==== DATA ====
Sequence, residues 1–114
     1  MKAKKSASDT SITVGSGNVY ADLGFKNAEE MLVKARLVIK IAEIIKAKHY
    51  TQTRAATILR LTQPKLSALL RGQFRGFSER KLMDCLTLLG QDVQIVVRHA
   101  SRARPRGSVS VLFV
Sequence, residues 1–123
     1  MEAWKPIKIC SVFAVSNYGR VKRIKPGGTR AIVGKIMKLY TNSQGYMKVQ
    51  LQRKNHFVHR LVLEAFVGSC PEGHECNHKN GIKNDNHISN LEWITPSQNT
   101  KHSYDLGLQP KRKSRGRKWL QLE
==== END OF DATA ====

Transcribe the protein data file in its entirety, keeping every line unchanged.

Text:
Sequence, residues 1–114
     1  MKAKKSASDT SITVGSGNVY ADLGFKNAEE MLVKARLVIK IAEIIKAKHY
    51  TQTRAATILR LTQPKLSALL RGQFRGFSER KLMDCLTLLG QDVQIVVRHA
   101  SRARPRGSVS VLFV
Sequence, residues 1–123
     1  MEAWKPIKIC SVFAVSNYGR VKRIKPGGTR AIVGKIMKLY TNSQGYMKVQ
    51  LQRKNHFVHR LVLEAFVGSC PEGHECNHKN GIKNDNHISN LEWITPSQNT
   101  KHSYDLGLQP KRKSRGRKWL QLE